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I have the following objects. An IEnumerable<Agency> Agencies, which then contains BusinessUnits and BusinessUnits contain clients:

public class Agency  
{   
    public int ID; 
    public IEnumerable<BusinessUnit> BusinessUnits;  
}  

public class BusinessUnit
{
    public string Name;  
    public int ID;  
    public decimal AmountSpent;
    public IEnumerable<Client> Clients;  
}

public class Client
{
    public string Name;  
    public int ID;  
    public decimal AmountSpent;
}

I've been using this query to consolidate my BusinessUnits under the agencies so I can display an "All Agencies:" my data goes from this:

Agency1
++BusinessUnit1 - $20
++++Client1 - $10
++++Client2 - $10

Agency2
++BusinessUnit2 - $20
++++Client1 - $20

Agency3
++BusinessUnit1 - $10
++++Client5 - $5
++++Client6 - $5
++BusinessUnit2 - $25
++++Client1 - $25

to this:

All Agencies
++BusinessUnit1 - $30
++++Client1 - $10
++++Client2 - $10
++++Client5 - $5
++++Client6 - $5

++BusinessUnit2 - $45
++++Client1 - $20
++++Client1 - $25

I've been using the following LINQ query to do so:

var groupings =
    from agency in agencies
    from businessUnit in agency.BusinessUnits
    from client in businessUnit.Clients
    group client by businessUnit.ID into clients
    select clients;

var businessUnits =
    from grouping in groupings
    select new
    {
        ID = grouping.Key,
        AmountSpent = grouping.Sum(client => client.AmountSpent),
        Clients = grouping
    };

Console.WriteLine("All Agencies");

foreach (var businessUnit in businessUnits)
{
    Console.WriteLine("++BusinessUnit{0} - ${1}",
                      businessUnit.ID,
                      businessUnit.AmountSpent);

    foreach (var client in businessUnit.Clients)
    {
        Console.WriteLine("++++Client{0} - ${1}", client.ID, client.AmountSpent);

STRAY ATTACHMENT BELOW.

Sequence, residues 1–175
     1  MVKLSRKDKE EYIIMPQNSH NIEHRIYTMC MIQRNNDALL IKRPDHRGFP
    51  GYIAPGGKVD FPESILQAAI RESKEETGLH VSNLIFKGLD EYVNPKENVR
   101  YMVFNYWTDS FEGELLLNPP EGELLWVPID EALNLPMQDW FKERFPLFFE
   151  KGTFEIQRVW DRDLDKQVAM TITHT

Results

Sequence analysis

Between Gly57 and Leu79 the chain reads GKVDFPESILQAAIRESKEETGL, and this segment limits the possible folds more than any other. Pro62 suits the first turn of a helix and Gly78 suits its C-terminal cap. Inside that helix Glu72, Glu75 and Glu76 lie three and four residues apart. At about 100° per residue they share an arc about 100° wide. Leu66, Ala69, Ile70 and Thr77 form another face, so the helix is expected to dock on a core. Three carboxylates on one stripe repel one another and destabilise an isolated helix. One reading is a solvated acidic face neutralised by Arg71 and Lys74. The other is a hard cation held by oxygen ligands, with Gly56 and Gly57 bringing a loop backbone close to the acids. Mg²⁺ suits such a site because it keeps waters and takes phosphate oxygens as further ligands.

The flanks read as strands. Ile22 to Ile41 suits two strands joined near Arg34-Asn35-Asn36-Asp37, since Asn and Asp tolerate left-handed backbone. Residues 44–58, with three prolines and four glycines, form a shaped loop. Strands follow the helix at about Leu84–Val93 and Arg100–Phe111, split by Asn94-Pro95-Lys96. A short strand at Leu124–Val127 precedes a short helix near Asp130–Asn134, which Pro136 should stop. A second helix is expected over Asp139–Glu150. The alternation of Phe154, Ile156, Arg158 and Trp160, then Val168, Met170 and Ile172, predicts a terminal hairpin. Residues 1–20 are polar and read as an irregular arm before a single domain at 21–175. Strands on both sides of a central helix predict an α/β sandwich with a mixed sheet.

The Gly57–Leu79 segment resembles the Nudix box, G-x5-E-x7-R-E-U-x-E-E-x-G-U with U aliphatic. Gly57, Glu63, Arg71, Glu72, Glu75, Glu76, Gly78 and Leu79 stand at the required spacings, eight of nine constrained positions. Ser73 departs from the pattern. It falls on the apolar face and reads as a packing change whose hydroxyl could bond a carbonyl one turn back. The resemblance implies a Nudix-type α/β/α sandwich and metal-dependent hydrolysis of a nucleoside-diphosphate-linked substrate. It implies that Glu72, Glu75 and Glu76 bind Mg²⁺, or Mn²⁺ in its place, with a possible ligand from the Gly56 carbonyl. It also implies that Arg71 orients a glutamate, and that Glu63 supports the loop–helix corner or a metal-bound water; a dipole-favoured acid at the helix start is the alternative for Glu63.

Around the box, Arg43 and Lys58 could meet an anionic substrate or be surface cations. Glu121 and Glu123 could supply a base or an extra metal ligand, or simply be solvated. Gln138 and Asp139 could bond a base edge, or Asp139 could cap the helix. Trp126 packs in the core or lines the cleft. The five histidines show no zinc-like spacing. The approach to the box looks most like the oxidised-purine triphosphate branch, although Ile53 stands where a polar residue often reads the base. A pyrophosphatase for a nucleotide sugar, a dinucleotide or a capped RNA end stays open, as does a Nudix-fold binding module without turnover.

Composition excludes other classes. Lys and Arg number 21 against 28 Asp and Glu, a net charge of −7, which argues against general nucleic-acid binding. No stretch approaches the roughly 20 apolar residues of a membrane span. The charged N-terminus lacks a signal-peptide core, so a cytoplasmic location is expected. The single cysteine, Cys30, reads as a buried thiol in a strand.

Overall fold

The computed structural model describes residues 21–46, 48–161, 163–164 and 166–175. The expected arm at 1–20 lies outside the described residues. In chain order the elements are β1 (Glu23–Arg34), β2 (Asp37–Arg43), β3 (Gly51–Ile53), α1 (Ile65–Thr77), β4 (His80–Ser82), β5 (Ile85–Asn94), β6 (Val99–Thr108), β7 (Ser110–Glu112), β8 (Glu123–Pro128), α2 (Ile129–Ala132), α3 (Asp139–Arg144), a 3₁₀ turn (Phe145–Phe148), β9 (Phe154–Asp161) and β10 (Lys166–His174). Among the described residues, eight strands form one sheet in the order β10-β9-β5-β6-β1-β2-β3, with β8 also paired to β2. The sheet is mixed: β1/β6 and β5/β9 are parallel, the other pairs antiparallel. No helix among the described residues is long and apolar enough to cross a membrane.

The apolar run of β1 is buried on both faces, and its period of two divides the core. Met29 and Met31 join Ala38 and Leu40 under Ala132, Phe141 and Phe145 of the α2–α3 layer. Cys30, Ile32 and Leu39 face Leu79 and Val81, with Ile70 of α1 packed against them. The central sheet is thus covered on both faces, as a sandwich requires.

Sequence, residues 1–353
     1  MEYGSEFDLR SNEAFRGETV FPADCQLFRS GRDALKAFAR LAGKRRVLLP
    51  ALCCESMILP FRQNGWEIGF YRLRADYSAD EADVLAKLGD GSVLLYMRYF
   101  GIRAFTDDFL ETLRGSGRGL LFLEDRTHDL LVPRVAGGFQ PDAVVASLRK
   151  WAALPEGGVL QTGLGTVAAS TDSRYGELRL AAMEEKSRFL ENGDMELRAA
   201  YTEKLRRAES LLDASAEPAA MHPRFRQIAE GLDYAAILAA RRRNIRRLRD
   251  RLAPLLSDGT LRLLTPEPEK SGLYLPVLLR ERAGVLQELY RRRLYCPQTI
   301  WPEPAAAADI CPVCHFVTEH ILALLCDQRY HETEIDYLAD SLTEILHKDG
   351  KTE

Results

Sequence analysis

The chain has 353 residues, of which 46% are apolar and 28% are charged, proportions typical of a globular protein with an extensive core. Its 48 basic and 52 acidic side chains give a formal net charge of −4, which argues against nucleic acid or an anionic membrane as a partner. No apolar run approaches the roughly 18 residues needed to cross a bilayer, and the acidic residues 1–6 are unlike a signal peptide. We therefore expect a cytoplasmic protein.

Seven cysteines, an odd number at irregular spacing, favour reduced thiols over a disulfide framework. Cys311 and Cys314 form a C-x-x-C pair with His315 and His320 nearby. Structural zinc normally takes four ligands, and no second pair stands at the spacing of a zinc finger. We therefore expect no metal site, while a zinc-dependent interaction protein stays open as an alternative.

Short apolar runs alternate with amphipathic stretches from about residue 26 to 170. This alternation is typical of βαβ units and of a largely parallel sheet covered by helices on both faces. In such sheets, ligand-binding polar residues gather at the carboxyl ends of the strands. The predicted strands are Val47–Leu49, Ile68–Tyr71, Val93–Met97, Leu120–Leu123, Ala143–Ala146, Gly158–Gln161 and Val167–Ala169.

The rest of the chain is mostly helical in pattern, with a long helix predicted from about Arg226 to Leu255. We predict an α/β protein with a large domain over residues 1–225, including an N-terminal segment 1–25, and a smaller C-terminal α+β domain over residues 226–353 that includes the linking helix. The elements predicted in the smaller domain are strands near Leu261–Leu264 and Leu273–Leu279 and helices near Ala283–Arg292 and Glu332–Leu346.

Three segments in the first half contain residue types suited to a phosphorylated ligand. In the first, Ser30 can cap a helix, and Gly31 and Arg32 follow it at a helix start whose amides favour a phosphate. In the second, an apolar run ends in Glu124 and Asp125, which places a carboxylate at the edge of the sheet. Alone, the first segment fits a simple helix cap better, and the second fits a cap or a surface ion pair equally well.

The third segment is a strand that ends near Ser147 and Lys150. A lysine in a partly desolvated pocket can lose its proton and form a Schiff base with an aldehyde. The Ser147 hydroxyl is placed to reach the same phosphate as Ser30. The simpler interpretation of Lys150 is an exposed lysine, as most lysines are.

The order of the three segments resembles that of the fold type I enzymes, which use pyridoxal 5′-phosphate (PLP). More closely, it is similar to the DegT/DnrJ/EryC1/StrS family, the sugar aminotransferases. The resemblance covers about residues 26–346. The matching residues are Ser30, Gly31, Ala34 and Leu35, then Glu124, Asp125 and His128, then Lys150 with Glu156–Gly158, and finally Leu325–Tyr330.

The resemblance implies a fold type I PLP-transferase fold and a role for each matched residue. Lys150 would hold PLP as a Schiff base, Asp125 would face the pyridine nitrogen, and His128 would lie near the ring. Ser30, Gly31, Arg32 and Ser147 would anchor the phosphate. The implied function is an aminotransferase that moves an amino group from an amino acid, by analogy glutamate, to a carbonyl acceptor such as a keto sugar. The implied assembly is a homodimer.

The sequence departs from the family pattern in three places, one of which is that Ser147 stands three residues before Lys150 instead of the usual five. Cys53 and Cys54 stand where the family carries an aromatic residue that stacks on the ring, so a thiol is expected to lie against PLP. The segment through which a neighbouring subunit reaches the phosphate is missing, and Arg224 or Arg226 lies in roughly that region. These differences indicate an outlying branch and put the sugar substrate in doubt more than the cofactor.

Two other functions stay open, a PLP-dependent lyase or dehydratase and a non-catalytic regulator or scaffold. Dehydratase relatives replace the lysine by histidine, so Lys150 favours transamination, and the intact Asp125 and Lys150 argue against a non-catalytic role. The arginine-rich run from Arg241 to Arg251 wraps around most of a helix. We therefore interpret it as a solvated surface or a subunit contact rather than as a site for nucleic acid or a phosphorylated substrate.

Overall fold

}
}

My question is: How do I also include BusinessUnit and Client's "Name" field in the returned objects. As of right now, my resulting BusinessUnits only contain their ID which they get from the key of the grouping.

I need to also be able to return "Name" from the BusinessUnit in my query, not just its ID. I'm not sure how to do this with LINQ in conjunction with Groupings.

share|improve this question
    
This all depends on where the data is coming from, but here is an idea: You might consider restructuring your current class design as it involves repeated information (names, maybe more in the future). What about getting rid of the collections and AmountSpent on each class, and adding a new class like Expenditures (or something more appropriate)? This can contain a reference to the Agency, BusinessUnit, and Client involved for each one, as well as AmountSpent. This approach should make querying and grouping easier, but could cause other issues I don't know about in your application. –  Ryan Versaw Jun 30 '09 at 15:39

1 Answer 1

up vote 2 down vote accepted

You could change the grouping key - this assumes that there won't be multiple names for the same ID or vice versa:

var groupings =
    from agency in agencies
    from businessUnit in agency.BusinessUnits
    from client in businessUnit.Clients
    group client by new { businessUnit.ID, businessUnit.Name } into clients
    select clients;

var businessUnits =
    from grouping in groupings
    select new
    {
        ID = grouping.Key.ID,
        Name = grouping.Key.Name,
        AmountSpent = grouping.Sum(client => client.AmountSpent),
        Clients = grouping
    };
share|improve this answer
    
@Jon Skeet, what if the BusinessUnit class grows to contain other fields? Is adding them to the key viable? –  KingNestor Jun 30 '09 at 15:25
    
That depends on whether the extra data affects the uniqueness. –  Jon Skeet Jun 30 '09 at 15:44

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